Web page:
Draft dodgers will be barred from working in the public sector for at least 10 years after they fail to join the Army, according to an amendment published on the government's legal portal on Thursday.
An earlier version of the law passed in 2013 imposed a lifetime ban on draft dodgers.
Following an appeal by parliamentarians in the North Caucasus republic of Chechnya, however, Russia’s Constitutional Court ruled the measure unlawful in October 2014, demanding a limit to the ban.
In its amended form, the law requires military commissariats to inform state bodies of those who dodge conscription and obliges them to discharge the respective employees within 10 days.
In 2016, the number of people who failed to enlist for their year of mandatory service shrank by 8 percent to 90,000 compared to the previous year, according to Defense Ministry statistics, cited by the Interfax news agency.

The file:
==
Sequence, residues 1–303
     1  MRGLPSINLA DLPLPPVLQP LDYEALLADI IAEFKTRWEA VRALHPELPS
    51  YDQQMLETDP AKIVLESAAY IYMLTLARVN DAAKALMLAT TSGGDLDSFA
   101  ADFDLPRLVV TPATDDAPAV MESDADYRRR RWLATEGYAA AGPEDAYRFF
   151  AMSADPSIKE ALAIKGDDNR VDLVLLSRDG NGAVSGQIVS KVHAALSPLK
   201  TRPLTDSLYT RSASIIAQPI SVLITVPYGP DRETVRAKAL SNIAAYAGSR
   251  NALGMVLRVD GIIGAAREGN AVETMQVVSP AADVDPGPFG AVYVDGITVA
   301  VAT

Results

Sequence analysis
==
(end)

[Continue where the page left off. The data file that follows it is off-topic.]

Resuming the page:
In theory, draft dodgers can also be punished with a prison sentence of up to two years. Most Russians, however, avoid such punishment by using personal connections or paying bribes to acquire medical certificates which state they are unequipped to serve.
During a live broadcast with children earlier this month, Putin said he had a “negative” attitude towards those who dodged the draft.
"Even though there is hazing in the army, every man must contribute to the country’s defense,” he said.